described Ranulf of Marcillac as a very loyal friend of Vulgrin, made
viscount by him ("amicum suum fidelissimum, nomine Ranulfum, fecitque
eum vicecomitem suum") who had three sons, Lambert, Arnald and Odalric
("Idemque Ranulfus habuit tres filios, Lambertum, Arnaldum atque
Odolricum"). No family connection is implied between Vulgrin and Ranulf.
In a subsequent version (1028) Ademar recounted that in 1018 the eldest
two sons of Ranulf were killed by Vulgrin's grandson Bernard of
Périgueux in revenge for their attempt to murder his sister Sancia
("occisi sunt a Bernardo, in ultionem Santie sororis sue quam occidere
conati sunt, Lambertus, vicecomes Martiliacensis et Arnaldus, frater
ejus").
There is no suggestion whatever here that Bernard and Sancia were first
cousins of Lambert and Arnald, but this relationship was posited by
Levillain on the shaky basis that Ranulf's third son Odalric (the name
of Vulgrin's father in Levillain's opinion) had sons named Thierry and
Alleaume, which he supposed must have come from the family of Vulgrin's
brother-in-law William Tolosanus, as well as great-grandsons living in
the early-11th century named William and Hilduin. Levillain thought that
this completed both ends of an onomastic chain, proving that Ranulf's
wife must have been a daughter of abbot Hilduin's brother and William
Tolosanus's brother-in-law, Vulgrin ("Et voici qu'au bout de la chaîne
nous avons les noms qui se trouvaient à l'autre extrémité: ce qui prouve
bien que Senegonde était la petite-fille du comte alémanique Odolric, la
fille de Vulgrin et la nièce d'Hilduin de Saint-Denis et de Guillaume le
Toulousain.")
Pish. The inconvenient names Lambert and Arnald that might spoil this
silly fantasy don't figure in the probative mix, of course, presumably
because Ranulf and his wife Senegonde must have had a premonition that
the onomastic legacy of their families would be carried on by their
third son.
I hadn't realised how persistent this nonsense has become.
The line of descent proposed by Levillain was tabulated by Christian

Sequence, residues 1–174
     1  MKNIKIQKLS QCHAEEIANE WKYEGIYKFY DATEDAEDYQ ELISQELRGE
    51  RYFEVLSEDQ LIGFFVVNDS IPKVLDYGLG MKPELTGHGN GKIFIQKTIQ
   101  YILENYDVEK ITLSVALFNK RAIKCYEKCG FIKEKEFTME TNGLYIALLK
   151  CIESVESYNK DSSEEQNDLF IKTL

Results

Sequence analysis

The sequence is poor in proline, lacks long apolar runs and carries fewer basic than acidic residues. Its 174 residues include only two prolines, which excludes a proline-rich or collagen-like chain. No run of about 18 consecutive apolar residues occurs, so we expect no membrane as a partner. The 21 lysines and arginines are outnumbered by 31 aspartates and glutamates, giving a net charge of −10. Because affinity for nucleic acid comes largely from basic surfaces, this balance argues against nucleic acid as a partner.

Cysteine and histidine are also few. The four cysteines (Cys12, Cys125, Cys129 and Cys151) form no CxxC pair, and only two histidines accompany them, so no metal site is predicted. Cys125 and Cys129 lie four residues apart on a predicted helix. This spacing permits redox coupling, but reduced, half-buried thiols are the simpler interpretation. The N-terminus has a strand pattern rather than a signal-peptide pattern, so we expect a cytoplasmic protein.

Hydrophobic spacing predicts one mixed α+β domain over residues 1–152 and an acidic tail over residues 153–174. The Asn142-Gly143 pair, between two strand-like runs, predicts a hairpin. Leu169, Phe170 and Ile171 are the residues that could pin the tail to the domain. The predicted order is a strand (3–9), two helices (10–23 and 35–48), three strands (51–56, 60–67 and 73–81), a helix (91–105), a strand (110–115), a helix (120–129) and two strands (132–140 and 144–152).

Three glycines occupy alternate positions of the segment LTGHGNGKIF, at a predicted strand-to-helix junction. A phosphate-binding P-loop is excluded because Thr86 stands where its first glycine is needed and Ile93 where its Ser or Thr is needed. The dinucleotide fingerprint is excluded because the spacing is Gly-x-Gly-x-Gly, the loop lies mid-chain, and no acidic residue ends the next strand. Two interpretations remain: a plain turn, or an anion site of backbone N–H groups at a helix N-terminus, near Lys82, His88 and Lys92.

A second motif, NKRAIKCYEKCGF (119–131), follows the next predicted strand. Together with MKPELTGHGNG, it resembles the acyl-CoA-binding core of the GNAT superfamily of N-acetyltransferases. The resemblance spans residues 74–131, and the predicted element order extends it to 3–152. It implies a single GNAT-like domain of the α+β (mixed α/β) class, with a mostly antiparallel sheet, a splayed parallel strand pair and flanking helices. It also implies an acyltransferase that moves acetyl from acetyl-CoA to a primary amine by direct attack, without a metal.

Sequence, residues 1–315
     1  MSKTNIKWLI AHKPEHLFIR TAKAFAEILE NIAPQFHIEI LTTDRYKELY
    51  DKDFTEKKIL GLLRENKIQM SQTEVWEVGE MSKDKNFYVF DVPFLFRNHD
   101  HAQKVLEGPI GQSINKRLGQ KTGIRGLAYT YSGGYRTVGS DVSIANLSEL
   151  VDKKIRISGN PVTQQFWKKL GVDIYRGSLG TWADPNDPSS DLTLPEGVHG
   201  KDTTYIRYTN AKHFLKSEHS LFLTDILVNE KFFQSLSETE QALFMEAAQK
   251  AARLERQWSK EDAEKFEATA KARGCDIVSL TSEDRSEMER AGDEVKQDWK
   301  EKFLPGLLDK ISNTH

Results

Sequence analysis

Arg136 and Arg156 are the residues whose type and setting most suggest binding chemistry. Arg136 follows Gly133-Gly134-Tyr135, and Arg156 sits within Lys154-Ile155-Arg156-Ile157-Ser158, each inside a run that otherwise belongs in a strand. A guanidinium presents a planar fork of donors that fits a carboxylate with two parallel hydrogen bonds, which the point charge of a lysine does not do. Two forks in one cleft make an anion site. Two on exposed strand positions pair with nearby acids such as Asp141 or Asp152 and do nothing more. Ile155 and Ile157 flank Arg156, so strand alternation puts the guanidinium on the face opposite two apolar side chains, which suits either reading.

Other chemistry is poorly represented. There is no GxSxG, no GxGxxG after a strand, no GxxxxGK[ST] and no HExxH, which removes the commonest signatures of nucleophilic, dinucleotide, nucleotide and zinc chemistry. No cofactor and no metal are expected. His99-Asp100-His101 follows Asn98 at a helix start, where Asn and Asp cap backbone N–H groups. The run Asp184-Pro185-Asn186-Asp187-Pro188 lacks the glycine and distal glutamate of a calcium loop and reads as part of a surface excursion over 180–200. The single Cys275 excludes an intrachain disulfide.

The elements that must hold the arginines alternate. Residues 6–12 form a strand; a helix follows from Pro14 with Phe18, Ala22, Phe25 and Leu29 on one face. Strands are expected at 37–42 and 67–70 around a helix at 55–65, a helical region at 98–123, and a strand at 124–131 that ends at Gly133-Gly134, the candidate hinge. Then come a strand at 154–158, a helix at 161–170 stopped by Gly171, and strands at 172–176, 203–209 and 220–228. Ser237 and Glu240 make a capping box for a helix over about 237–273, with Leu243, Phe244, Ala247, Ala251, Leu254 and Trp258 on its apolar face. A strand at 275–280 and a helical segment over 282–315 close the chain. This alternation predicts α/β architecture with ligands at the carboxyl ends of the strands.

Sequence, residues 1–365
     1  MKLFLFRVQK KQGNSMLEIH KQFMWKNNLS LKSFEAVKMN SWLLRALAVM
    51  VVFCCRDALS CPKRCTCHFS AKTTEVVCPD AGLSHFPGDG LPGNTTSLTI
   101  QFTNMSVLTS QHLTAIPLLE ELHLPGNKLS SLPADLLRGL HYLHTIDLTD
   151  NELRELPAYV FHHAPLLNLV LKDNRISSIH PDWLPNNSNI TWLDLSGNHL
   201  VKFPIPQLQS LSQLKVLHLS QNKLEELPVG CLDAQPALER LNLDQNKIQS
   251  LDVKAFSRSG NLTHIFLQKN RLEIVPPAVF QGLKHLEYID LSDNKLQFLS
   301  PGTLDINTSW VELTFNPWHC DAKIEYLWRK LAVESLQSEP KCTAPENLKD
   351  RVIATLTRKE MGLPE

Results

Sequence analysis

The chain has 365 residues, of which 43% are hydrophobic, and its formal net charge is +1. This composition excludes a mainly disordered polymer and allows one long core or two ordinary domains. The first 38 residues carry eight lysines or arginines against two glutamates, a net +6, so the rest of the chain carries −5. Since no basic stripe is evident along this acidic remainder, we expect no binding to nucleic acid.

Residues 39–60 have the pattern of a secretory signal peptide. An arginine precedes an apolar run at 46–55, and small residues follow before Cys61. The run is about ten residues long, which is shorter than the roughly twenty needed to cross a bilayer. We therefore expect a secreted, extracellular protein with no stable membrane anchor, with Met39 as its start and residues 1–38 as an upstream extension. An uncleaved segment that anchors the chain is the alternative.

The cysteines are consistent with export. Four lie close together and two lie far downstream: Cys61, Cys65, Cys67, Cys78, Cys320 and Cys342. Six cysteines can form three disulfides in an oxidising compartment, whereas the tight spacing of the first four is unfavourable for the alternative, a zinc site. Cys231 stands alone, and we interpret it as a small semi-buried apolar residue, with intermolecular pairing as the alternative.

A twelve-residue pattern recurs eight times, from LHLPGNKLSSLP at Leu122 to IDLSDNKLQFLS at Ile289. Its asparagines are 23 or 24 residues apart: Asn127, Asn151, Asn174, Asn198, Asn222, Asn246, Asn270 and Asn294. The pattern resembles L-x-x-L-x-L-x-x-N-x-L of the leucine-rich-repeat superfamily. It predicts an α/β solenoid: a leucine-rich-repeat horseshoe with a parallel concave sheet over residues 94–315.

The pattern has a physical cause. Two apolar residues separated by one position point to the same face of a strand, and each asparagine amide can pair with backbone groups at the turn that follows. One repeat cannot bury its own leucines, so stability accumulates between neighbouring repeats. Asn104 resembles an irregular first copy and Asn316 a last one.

https://books.google.com.au/books?id=1tho6B1mUGMC&pg=PA8
After the article from 1934 Levillain returned to the subject in 1938,
arguing at length for his identification of William 'Tolosanus' as the
elder son of Bernard of Septimania and Dhuoda, and for Ranulf of
Marcillac's wife Senegonde as his niece, daughter of William's sister
and Vulgrin I of Angoulême.
He wrote that he had undertaken extensive search into the family of
abbot Hilduin, finding the name Senegonde nowhere else but among his
brother Vulgrin's kindred ("Au cours des recherches très étendues
auxquelles nous nous sommes livré sur la famille du célèbre abbé de
Saint-Denis, nous n'avons jamais rencontré le nom de Senegonde ailleurs
que chez Vulgrin.") He is right that the name is rare in the 9th
century, but it can only be found in the family of Vulgrin if the
viscountess of Marcillac is placed there first, so his reasoning is
tightly circular. This is compounded by his failure to account for the
absence of the name Vulgrin in Senegonde's family, when she is
nonetheless supposed to have passed on names of collateral relatives of
her putative mother.
He claimed that William 'Tolosanus' must have been the son of Bernard
and Dhuoda born on 29 November 826, citing Dhoda herself for this
information, but failed to mention that she had gone on to tell William
that his younger brother Bernard had been born on 22 March 841 as the
second issue from her womb ("ex meo secundus post te ... egressus est
utero"). There is no reason to assume that Dhuoda was arbitrarily
omitting any daughter/s born between these two sons. Consequently if
Vulgrin's wife was a third child of Dhuoda she would have been born
after 841, but in that case would not have been old enough for marriage
when the eldest child, William, was killed in 849/50 (the annals of
Fontenelle report his death under 849, the annals of St Bertin under
850). She can hardly have been sent to Vulgrin endowed with Agen as
William's sister (reported by Ademar of Chabannes) on reaching the age
of 12, in order to be eligible for marriage, at least years four after
William had died, by when the remaining brother Bernard would have been
the only plausible sibling to be referenced for Agen as her dowry. But
Levillain had already pointed out that Agen was a fief of the counts of
Bordeaux, which Bernard was not.
Peter Stewart